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1.
Aerosp Med Hum Perform ; 90(8): 735-737, 2019 Aug 01.
Artigo em Inglês | MEDLINE | ID: mdl-31331425

RESUMO

INTRODUCTION: Due to the risk of hypoglycemia-related incapacitation, diabetic pilots requiring insulin are assessed as unfit according to the International Civil Aviation Organization and most national authorities. Some authorities, such as those from Canada, the United Kingdom, and the United States, permit selected insulin-treated pilots (ITDM-pilots) to fly subject to a protocol requiring pre- and in-flight capillary glucose measurements to show safe levels (>100-<300 mg · dl-1). Critics of such permission question the practicability of these in-flight measurements and whether clinically desired glycemic targets can be achieved while keeping glucose levels in the safe range. Subcutaneous continuous glucose monitoring (CGM) has recently been approved by the FDA as a stand-alone method to provide accurate glucose levels and treatment decision guidance in patients. This commentary considers that use of CGM by ITDM pilots facilitates practicability and recording of in-flight glucose measurements and facilitates achievement of clinically desired glycemic targets without increasing hypoglycemia risks.Strollo F, Simons R, Mambro A, Strollo G, Gentile S. Continuous glucose monitoring for in-flight measurement of glucose levels of insulin-treated pilots. Aerosp Med Hum Perform. 2019; 90(8):735-737.


Assuntos
Medicina Aeroespacial/métodos , Glicemia/análise , Diabetes Mellitus Tipo 2/tratamento farmacológico , Hipoglicemia/prevenção & controle , Insulina/administração & dosagem , Medicina Aeroespacial/instrumentação , Diabetes Mellitus Tipo 2/sangue , Estudos de Viabilidade , Humanos , Hipoglicemia/sangue , Hipoglicemia/induzido quimicamente , Insulina/efeitos adversos , Monitorização Fisiológica/instrumentação , Monitorização Fisiológica/métodos , Pilotos
2.
Front Physiol ; 9: 1551, 2018.
Artigo em Inglês | MEDLINE | ID: mdl-30483144

RESUMO

Astronauts coming back from long-term space missions present with different health problems potentially affecting mission performance, involving all functional systems and organs and closely resembling those found in the elderly. This review points out the most recent advances in the literature in areas of expertise in which specific research groups were particularly creative, and as they relate to aging and to possible benefits on Earth for disabled people. The update of new findings and approaches in space research refers especially to neuro-immuno-endocrine-metabolic interactions, optic nerve edema, motion sickness and muscle-tendon-bone interplay and aims at providing the curious - and even possibly naïve young researchers - with a source of inspiration and of creative ideas for translational research.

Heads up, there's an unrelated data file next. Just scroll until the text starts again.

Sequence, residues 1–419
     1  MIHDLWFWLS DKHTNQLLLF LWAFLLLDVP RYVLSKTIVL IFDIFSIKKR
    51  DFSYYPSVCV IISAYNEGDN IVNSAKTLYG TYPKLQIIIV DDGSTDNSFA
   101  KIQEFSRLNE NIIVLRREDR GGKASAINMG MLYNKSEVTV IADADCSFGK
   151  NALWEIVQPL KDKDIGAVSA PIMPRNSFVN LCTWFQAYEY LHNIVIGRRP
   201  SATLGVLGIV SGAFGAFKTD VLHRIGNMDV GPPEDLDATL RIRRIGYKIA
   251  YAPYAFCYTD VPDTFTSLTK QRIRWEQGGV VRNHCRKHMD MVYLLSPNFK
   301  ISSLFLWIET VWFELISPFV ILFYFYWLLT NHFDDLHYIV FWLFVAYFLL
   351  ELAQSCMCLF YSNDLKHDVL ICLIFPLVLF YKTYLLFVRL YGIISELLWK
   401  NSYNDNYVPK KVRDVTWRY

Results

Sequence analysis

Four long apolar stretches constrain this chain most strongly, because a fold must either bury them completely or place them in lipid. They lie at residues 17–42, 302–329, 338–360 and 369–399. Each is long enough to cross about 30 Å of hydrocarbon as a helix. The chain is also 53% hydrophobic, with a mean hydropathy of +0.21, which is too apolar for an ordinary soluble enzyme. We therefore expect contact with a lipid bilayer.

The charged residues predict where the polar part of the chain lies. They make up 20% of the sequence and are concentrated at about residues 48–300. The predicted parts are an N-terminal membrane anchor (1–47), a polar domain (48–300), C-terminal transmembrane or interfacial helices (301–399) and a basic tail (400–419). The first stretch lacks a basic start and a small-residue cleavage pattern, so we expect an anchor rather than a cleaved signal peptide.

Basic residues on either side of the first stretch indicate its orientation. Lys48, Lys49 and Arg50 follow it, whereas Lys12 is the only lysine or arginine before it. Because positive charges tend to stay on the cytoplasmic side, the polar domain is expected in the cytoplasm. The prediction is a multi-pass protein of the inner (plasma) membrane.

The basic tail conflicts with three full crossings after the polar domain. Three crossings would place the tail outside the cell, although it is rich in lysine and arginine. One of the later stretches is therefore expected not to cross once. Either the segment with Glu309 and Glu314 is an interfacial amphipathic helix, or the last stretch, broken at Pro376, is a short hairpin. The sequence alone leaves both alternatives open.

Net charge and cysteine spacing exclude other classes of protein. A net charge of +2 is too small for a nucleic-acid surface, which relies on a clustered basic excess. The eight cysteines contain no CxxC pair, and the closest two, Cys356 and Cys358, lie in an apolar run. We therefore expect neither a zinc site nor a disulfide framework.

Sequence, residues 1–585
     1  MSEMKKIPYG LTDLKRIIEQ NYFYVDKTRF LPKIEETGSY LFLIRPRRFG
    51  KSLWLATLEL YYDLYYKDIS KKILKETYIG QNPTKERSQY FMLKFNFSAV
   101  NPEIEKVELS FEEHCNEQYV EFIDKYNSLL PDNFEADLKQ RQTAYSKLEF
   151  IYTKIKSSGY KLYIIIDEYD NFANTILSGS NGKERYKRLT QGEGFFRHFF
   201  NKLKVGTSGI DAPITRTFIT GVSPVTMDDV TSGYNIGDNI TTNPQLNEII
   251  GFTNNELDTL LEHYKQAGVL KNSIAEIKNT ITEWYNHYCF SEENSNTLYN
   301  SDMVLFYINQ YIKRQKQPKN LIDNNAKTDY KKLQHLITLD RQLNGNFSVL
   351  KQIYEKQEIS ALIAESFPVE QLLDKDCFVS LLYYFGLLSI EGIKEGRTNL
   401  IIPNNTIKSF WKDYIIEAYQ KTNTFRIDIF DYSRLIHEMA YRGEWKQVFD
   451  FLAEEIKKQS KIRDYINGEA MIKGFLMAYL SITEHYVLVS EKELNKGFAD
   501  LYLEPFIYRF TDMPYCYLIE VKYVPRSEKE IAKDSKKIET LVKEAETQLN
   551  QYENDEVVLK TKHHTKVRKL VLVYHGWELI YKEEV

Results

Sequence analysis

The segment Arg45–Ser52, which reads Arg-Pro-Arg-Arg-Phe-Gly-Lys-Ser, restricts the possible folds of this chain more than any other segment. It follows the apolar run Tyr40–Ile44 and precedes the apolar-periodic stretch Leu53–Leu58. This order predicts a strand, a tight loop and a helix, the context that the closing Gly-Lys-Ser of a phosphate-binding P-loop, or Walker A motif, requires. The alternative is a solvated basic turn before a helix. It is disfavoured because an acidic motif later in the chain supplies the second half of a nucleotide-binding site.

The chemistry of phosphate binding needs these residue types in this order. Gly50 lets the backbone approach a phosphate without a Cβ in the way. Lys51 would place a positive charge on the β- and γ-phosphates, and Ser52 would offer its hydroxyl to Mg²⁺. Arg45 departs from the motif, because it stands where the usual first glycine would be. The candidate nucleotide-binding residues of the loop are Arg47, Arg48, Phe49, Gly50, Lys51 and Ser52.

3.
Ann N Y Acad Sci ; 1163: 221-32, 2009 Apr.
Artigo em Inglês | MEDLINE | ID: mdl-19456343

RESUMO

The complex control of food intake and energy metabolism in mammals relies on the ability of the brain to integrate multiple signals indicating the nutritional state and the energy level of the organism and to produce appropriate responses in terms of food intake, energy expenditure, and metabolic activity. Central regulation of feeding is organized as a long-loop mechanism involving humoral signals and afferent neuronal pathways to the brain, processing in hypothalamic neuronal circuits, and descending commands using vagal and spinal neurons. Sensor mechanisms or receptors sensitive to glucose and fatty acid metabolism, neuropeptide and cannabinoid receptors, as well as neurotransmitters and neuromodulators synthesized and secreted within the brain itself are all signals integrated in the hypothalamus, which therefore functions as an integrator of signals from central and peripheral structures. Homeostatic feedback mechanisms involving afferent neuroendocrine inputs from peripheral organs, like adipose tissue, gut, stomach, endocrine pancreas, adrenal, muscle, and liver, to hypothalamic sites thus contribute to the maintenance of normal feeding behavior and energy balance. In addition to transcriptional events, peripheral hormones may also alter firing and/or connection (synaptology) of hypothalamic neuronal networks in order to modulate food intake. Moreover, intracellular energy sensing and subsequent biochemical adaptations, including an increase in AMP-activated protein kinase activity, occur in hypothalamic neurons. Understanding the regulation of appetite is clearly a major research effort but also seems promising for the development of novel therapeutic strategies for obesity.


Assuntos
Mamíferos/fisiologia , Animais , Metabolismo Energético , Comportamento Alimentar , Humanos , Hipotálamo/metabolismo , Sinapses/metabolismo
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